Skip navigation
tmsimont
Currently Being Moderated

How to export a flash project with a changing frame rate to a video

Oct 16, 2012 6:57 AM

Tags: #flash #export #flash_cs5 #movie #framerate

I have a Flash project that is a series of roughly 1000 images.  The result of the images is a simple animation, and there is music imported on a separate layer.

 

There are moments in the music that I wanted to line up with certain frame changes, and there are sections of the music that I wanted to match up with a faster (double-time) frame rate.

 

I used this code in several places in the a code layer:

stage.frameRate = x;

 

The result is exactly what I want in SWF -- the animation speeds up and slows down at the exact right moments to match up with the music track, but it seems like it's just not possible to export this variable frame rate project to a video file?

 

According to the accepted answer on this post: http://forums.adobe.com/message/4019538, it seems that:

The export function in Flash Pro doesn't transcribe *frames*, rather it plays the Flash animation and records it like a camcorder

If that's true, then I would think there is a way to record a variable frame rate project into a video -- does anybody know if this is possible?

 
Replies
  • Currently Being Moderated
    Oct 16, 2012 7:01 AM   in reply to tmsimont

    You'll have to produce a SWF and then convert that into a video. The Flash File->Export->Export Movie does not handle scripting.

     
    |
    Mark as:
  • Currently Being Moderated
    Oct 16, 2012 7:04 AM   in reply to tmsimont

    I just edited the post and added a link to something I've used before. It's a sophisticated thing to do so you'll have to try it and see how it works for you. There are many other converters if you google "SWF to video". The general idea is yes, it will play the SWF and record it like a screen recording, with audio. Therefore your scripts work and the end result is as expected. You may need some touch-up post video work to perfect it.

     
    |
    Mark as:
  • Currently Being Moderated
    Oct 16, 2012 7:09 AM   in reply to tmsimont

    Scripting isn't supported in the basic video export functionality.

     

    What I was suggesting with the initial link and video post work is to export the audio separate and merge the video produced with the audio in a video editor. That'd give you fine grain control to assure it lines up perfectly.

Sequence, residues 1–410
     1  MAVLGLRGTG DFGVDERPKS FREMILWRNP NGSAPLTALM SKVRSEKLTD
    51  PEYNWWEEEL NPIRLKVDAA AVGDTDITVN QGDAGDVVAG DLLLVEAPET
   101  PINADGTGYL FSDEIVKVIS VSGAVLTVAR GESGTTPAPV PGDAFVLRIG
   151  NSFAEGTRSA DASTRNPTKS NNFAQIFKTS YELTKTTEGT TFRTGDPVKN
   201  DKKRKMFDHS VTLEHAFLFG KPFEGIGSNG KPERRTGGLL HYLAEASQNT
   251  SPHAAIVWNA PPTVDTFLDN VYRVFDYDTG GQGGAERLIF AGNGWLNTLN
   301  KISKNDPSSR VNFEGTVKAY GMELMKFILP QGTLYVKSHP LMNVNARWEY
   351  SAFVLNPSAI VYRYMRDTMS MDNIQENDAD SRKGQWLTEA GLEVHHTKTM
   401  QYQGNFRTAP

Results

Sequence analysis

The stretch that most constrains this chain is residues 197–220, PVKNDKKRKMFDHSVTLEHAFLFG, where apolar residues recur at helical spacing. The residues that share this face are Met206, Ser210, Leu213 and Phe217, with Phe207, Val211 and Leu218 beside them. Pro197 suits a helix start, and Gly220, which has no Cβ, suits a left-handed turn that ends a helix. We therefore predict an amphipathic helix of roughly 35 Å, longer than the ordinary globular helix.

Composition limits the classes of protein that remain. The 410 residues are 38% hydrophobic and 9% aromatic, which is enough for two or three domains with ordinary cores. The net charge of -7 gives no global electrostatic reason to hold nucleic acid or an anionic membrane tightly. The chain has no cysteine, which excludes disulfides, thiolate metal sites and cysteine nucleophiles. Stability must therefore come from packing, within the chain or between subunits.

|
    Mark as:
  • Currently Being Moderated
    Oct 16, 2012 9:54 AM   in reply to tmsimont

    That or Premiere would both get the job done. After Effects might be more desirable as it has a feature called Time Remapping (right-click on the video layer, Time->Enable Time Remapping). You can add keyframes to any point in a video and then drag them around to speed up or slow down the video. That'll allow for very precise tweaks.

     

    Finally all I'd suggest is when you jump into your next project, make a quick dummy test project to see if the software you're using is easily capable of producing what you want. It'll solve the headache of completing the project only to land where you are now. Now you know Flash won't play nicely with scripts and Export Movie. If your desired end result was always a video I'd probably use video editing software to make the video. There's some free stuff out there if you really look, but no, it won't be as nice as After Effects or Premiere by any stretch. Although when you see how amazing After Effects is, you'll probably want to buy it .

     
    |
    Mark as:
  • Currently Being Moderated
    Oct 18, 2012 6:41 PM   in reply to tmsimont

    If you import a swf into flash it makes a huge string of keyframes but I'm not sure how scripts or audio work. tv.adobe.com has tons of videos on after effects if you want to give it another shot.

     
    |
    Mark as:

More Like This

  • Retrieving data ...

Bookmarked By (0)

Answers + Points = Status

  • 10 points awarded for Correct Answers
  • 5 points awarded for Helpful Answers
  • 10,000+ points
  • 1,001-10,000 points
  • 501-1,000 points
  • 5-500 points